Thought maybe I should call this post “W trek”, which is what this part of O circuit is better known as. However, I decided to be boring and go with “Part 2”, which turned out to be a very different experience from what I wrote about in my previous post.
Day 5 – Paso to Paine Grande
I had such a lovely time at Paso and I wasn’t in a rush to leave, but I knew I had a long day ahead of me. The map was suggesting nearly 9 hours of walking, but after a good rest the day before, my legs felt ready for the challenge. The morning was very peaceful, the air was fresh but not cold and the views along the way were magnificent. I was enjoying every minute of this easy life of putting one foot in front of the other.
I soon had to challenge my fear of heights and cross couple of suspension bridges. I don’t know how, but even with all the rock climbing I’m doing these days, my fear of heights is still present and make my legs shake whenever I’m facing situations like this. My jelly legs eventually carried me over the suspension bridges and after a few more enjoyable miles, I was at Guarderia Glaciar Grey, where I stopped for lunch. I was happy to see some familiar faces there and take a few decent photos of each other (travelling alone leaves you with a pile of selfies).
It was slightly mad how quickly the atmosphere changed from there. Up until then, everyone you’d meet on the trail would say hello, smile and maybe even have a chat with you. From Guarderia Grey, people were hiking in both directions (you can start or finish your W trek there), they were walking in big groups carrying day packs, wouldn’t say hi and most definitely wouldn’t move out of your way even if they saw your heavy backpack.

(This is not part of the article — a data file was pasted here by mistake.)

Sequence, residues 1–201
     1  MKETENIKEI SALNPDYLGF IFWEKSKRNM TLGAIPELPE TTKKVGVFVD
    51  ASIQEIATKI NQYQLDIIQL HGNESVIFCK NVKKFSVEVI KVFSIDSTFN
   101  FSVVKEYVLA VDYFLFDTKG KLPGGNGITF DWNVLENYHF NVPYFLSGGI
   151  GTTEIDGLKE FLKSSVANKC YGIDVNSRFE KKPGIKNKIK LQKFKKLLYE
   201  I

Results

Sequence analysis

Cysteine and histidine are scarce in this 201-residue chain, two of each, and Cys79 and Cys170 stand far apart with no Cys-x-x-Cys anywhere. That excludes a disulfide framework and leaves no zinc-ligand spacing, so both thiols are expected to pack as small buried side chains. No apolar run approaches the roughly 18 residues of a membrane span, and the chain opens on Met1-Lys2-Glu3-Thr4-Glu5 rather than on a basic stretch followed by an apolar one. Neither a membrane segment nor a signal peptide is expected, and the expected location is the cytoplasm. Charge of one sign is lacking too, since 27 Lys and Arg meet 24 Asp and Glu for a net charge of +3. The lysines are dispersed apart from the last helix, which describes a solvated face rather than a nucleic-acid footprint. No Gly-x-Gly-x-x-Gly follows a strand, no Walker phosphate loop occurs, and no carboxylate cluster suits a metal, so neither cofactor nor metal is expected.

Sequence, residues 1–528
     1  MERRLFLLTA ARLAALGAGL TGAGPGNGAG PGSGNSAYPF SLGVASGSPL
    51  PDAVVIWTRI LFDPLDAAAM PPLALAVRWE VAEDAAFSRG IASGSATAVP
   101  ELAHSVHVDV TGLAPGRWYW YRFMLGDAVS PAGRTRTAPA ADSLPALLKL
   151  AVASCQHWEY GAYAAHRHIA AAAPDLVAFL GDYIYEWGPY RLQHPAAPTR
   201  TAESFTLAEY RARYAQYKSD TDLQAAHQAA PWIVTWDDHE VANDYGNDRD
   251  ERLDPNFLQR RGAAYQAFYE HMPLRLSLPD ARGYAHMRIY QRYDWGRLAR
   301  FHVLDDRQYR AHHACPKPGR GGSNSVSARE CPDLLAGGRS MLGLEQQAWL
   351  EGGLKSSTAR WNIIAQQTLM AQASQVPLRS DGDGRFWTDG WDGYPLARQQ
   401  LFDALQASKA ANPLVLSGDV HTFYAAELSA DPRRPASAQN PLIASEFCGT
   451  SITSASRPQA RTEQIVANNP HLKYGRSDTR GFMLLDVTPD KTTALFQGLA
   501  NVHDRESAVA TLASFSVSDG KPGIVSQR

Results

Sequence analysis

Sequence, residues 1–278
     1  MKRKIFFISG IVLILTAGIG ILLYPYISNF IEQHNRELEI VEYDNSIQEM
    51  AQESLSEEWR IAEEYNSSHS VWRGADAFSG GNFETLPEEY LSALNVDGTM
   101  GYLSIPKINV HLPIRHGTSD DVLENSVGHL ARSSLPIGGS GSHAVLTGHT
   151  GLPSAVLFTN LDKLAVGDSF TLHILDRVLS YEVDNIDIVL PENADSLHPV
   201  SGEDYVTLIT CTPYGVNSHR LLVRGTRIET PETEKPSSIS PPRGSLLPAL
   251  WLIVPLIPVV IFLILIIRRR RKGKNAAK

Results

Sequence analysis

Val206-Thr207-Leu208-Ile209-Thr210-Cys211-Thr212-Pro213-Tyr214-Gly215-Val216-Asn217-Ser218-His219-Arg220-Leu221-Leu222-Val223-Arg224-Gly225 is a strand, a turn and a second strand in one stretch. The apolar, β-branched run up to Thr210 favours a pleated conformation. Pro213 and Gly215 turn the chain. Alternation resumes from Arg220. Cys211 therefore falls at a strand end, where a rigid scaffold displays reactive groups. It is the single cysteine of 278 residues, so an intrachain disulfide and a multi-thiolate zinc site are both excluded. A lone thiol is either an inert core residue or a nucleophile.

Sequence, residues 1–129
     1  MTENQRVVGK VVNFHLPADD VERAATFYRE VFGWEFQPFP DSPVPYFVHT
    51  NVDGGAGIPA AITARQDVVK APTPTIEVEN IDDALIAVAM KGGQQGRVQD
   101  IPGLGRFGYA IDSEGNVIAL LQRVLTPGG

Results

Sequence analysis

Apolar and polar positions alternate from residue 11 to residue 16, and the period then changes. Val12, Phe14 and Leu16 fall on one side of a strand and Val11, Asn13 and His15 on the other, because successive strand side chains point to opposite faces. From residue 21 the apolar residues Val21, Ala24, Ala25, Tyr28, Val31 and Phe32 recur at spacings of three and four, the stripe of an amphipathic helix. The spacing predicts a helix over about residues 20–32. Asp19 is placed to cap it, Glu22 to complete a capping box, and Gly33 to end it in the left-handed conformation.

Despite the crowds, hiking was still extremely scenic and pleasant. I was slightly sad leaving Glaciar Grey behind, but I heading towards the stunningly turquoise Lago Pehoe and my world felt complete that afternoon.
I was absolutely knackered when I got to the campsite and couldn’t believe the enormity of it. Among the crowds, I spotted familiar smiles of people doing the O trek and was glad to share moment from my day with them. By that time, a group of us had bonded and would spend evenings cooking and chatting – that was probably my favourite part of every day.